This proposal requests funds for a spectral domain optical coherence tomography (OCT) from Heidelberg Industries, Inc. This instrument will be housed in a laboratory located at the University of Wisconsin McPherson Eye Research Institute (ERI), within the Wisconsin Institutes for Medical Research (WIMR) and immediately adjacent to the Clinical Science Centre at University of Wisconsin-Madison. This instrumentation will be freely available to investigators campus-wide including investigators from the Department of Ophthalmology and Visual sciences (DOVS), and from the McPherson ERI. Preferential access will be assured for NIH grantees named asusers on this proposal. This instrument will be an invaluable tool for NIH- funded investigators who study rodent models of ocular diseases ranging from retinopathies to glaucoma to corneal diseases. The availability of the multi-modality imaging technologies incorporated in this instrument will greatly facilitate completion of existing projects. Reliance on cross-sectional data will be reduced, as the instrument will enable longitudinal imaging studies to be carried out with precision in individual subjects in vivo, thus improving quality and reducing variability of data sets acquired, as well as reducing the number of animals required in our research programs. In addition, the availability of this instrument will complement and build on existing resources and expertise at UW-Madison, enabling new research strategies that will enhance understanding of structure-function relationships, patho-physiology and treatment effects in the various models of important eye diseases that are under investigation by researchers at our institution. This resource will promote the success of investigators with existing, NIH funded research programs and will enhance the competitiveness of faculty at our institution in securing future funding.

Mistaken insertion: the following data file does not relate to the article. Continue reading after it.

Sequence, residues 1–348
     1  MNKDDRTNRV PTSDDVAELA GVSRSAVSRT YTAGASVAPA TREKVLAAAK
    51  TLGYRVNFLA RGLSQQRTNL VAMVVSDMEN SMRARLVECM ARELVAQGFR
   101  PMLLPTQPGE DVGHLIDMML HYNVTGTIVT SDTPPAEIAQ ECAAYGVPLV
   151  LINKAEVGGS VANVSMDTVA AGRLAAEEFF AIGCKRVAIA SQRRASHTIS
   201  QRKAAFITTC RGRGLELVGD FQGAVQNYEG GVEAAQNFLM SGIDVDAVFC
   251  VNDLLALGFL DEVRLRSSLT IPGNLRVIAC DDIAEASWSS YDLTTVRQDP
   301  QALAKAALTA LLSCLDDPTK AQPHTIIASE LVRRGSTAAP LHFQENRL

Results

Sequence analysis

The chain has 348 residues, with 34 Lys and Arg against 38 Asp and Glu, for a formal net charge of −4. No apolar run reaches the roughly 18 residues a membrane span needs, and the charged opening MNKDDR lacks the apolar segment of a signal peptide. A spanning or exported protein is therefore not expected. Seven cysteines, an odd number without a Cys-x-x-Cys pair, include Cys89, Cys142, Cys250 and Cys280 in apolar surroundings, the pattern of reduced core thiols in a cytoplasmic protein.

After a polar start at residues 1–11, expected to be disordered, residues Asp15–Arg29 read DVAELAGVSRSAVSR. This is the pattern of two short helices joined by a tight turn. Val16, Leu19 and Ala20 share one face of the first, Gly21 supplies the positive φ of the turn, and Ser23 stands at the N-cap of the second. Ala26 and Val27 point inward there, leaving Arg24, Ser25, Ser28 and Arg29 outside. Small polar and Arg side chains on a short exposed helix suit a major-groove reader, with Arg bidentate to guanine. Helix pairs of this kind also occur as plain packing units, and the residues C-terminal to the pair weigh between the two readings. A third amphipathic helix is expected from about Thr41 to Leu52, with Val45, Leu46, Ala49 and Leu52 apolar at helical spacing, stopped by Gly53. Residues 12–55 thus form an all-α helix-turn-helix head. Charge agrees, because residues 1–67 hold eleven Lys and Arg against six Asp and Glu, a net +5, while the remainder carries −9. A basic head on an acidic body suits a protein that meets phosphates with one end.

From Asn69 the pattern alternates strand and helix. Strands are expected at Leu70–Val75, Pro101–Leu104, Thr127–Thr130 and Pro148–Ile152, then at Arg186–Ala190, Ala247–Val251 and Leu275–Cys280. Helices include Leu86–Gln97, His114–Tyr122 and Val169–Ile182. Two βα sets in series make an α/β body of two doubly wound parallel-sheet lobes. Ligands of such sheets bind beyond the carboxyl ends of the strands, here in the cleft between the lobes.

The proposed acquisition of the HRA+OCT instrument for use by investigators studying animal models of ocular disease at the University of Wisconsin-Madison will greatly benefit a significant number of established, NIH-funded groups of researchers spanning a range of disciplines. The impacted research projects have great direct relevance to public health as they target important causes of vision loss in the human population that span diseases of infancy to diseases commonly encountered in the aging population. A very broad range of studies will be facilitated by this acquisition and will include various studies examining determinants of glaucoma susceptibility;effects of aging on the retina and visual system;acquired and inherited corneal pathologies;and the development and testing of emerging gene and stem cell therapies for ocular disorders such as inherited retinal dystrophies and degenerations and glaucoma.
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